Hopefully you all enjoyed our article on the history of stenography as related to the technologies court reporters utilize in the industry of their craft. The information as well as all the related photographs in that article came from The Gallery of Shorthand in the Alfonse M. D’Amato Federal Courthouse located in Central Islip, New York.
There, I also interviewed Dominick M. Tursi, the Creator and Director of the Gallery who was happy to answer some of my questions.
What was the original intent when coming up with the concept for The Gallery of Shorthand?
I wanted to show the relationship of society to shorthand. It’s an underappreciated art form. One of my goals was to create a better awareness among non-reporters on what it is that reporters do.
Was it a large collaboration?
I interviewed about six different design companies, and found one that was passionate about the concept of telling the story of shorthand. The graphic artist played an important role in helping me tell the story in a pleasing way.
What would you say is especially important and/or unique about the Gallery?
It’s the only public display of the history of shorthand. I’m proud of it. I’ve had visitors come in and weep because they didn’t realize they were a part of something so significant. I think it’s key that The Gallery also makes reporters feel good about themselves.
What made you decide to become a curator?
Curator? No. I was just a collector of antiquities. When given the opportunity to display my collections in The Gallery, it was a byproduct.
Aside from technology, has shorthand changed much over the years in relation to purpose and implementation?
No, it hasn’t. Shorthand has always adapted to society. It’s a 5,000 years-old profession. This explosion of change in the last 150 years is just a blip. Shorthand writers have filled many roles. Realtime is a nice byproduct, but closed captioning and CART reporting have been the major changes I’ve seen in my lifetime. Those are real benefits to society.
What would consider the defining exhibit of The Gallery?
The mission statement out in front. I put a lot of thought into it, and it says what I believe. I also enjoy putting together what I call the “personification exhibits.” Court reporters are transparent, which is how it should be, but that transparent person is still a person. Reporters are people like you and me. I wanted to remind people of that.
And your favorite exhibit?
The “How They Do That” exhibit. A lot of visitors consider it magic. They think of it as mystical. It helps me to convey some of the feelings I have about shorthand.
What’s up next for you?
My next project is a think-tank on the state of court reporting for future generations. I’m also writing a second book (The Legends of Shorthand was his first), The Second Oldest Profession.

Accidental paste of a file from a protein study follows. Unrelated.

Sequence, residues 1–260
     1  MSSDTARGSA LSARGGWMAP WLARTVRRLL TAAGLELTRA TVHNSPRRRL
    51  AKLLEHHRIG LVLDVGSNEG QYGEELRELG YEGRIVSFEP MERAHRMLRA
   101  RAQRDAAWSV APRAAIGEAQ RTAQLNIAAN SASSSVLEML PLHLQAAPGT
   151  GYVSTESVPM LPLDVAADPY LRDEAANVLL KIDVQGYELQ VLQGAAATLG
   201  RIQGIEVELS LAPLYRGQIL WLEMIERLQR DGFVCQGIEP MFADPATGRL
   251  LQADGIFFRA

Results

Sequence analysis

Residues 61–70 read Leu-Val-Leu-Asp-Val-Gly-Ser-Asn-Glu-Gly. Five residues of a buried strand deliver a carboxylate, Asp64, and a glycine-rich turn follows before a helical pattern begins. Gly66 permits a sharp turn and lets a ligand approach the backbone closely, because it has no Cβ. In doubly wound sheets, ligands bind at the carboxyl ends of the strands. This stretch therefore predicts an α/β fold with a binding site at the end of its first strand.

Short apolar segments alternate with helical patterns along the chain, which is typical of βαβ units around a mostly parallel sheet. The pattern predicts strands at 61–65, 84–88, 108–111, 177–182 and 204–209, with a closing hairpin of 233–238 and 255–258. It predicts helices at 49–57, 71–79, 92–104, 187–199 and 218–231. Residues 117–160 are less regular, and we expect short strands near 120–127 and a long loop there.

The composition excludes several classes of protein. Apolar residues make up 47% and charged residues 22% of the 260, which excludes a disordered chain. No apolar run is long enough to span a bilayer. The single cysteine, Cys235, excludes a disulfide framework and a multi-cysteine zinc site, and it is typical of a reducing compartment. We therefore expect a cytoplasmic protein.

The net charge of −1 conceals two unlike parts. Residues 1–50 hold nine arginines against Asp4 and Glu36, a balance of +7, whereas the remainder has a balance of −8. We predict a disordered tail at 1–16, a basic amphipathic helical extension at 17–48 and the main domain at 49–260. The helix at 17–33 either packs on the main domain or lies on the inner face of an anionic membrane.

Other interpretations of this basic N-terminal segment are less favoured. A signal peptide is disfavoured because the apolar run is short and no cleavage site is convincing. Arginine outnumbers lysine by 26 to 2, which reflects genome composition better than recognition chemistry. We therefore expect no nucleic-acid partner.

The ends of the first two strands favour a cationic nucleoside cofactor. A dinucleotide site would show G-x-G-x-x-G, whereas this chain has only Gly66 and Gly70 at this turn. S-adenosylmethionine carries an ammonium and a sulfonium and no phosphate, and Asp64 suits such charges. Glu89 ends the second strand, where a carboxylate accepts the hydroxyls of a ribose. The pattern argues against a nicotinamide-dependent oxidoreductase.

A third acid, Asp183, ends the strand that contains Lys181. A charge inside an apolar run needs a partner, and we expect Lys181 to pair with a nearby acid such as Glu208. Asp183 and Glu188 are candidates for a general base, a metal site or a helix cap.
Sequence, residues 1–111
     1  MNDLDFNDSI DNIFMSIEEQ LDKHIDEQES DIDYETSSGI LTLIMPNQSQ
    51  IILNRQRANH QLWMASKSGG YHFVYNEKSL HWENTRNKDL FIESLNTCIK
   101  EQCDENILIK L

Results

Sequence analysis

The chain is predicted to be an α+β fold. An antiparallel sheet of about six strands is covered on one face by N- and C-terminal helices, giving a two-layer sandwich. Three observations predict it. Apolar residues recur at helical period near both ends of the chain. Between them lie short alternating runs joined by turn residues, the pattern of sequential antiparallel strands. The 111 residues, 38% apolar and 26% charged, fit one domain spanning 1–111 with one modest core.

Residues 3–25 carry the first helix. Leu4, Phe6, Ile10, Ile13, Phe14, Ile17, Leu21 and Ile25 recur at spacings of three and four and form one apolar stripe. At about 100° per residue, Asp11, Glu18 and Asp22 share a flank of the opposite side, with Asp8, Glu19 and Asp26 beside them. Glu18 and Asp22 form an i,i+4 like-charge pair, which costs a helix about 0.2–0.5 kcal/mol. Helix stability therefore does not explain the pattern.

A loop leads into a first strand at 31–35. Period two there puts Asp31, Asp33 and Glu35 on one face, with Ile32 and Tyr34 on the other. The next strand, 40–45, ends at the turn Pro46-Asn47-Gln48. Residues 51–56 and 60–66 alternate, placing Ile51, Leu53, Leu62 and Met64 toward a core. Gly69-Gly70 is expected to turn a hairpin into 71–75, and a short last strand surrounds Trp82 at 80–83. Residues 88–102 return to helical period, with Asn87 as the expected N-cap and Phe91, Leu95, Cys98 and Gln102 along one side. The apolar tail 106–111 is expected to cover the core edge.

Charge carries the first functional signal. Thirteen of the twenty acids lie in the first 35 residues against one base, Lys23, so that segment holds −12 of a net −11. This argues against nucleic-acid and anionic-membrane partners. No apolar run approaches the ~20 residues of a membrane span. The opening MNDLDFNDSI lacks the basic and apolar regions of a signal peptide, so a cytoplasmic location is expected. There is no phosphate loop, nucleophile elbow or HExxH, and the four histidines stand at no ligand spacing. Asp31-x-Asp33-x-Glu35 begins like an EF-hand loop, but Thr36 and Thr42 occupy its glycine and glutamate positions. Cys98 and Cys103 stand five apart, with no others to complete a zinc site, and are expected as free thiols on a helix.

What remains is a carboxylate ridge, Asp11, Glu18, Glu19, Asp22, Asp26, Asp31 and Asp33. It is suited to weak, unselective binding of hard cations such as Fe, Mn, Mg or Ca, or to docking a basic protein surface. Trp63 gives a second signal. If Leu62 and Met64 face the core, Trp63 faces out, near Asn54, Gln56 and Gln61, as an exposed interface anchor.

Walking through The Gallery, for me, was a nice trip through time as focused on the perspective of a profession that is not exactly glorified as it was before literacy and writing became more widespread and common in Human civilization. The ancient Sumerians considered scribes to be among the most valued members of society, and I think we should bring a lot of that sentiment back in honor stenographers, court reporters, and stenotypists do every day to help make conducting the business of law an easier pursuit of the truth.
If you find yourself in Central Islip, New York, take some time to stop by the Alfonse M. D’Amato Federal Courthouse to see The Gallery of Shorthand, located just inside the main entrance. It’s not too far by train via the Ronkonkoma Line out of Penn Station in New York City. I believe you’ll enjoy the learning experience whether you are a court reporter or not.
Here is the mission statement of The Gallery:
“The affairs of a society, its organizations and governmental bodies, can be scrutinized only when its discussions are memorialized in an accurate and impartial writing.
This timeless truth led to the creation of written language in 3500 BC. It compelled Julius Caesar in 59 BC to order that the deliberations of the Roman Senate be written. And in 1873, reversing their practice of secret meetings, the United States Senate engaged official reporters to transcribe debates – preserved in The Congressional Record.
This same powerful tenet is fulfilled every day in the courtrooms of this building as the Official Reporters of the US District Court capture every word of proceedings for appellate and other review.
The Gallery of Shorthand celebrates shorthand reporters, who preserve the rhetoric of society from a front-row seat at everyday and historic events, and honors those who entrust them with that solemn duty.”
In The History of Court Reporting and Stenography, we discuss more from our visit to The Gallery of Shorthand.
ABOUT THE AUTHOR:
SHARE THIS ARTICLE: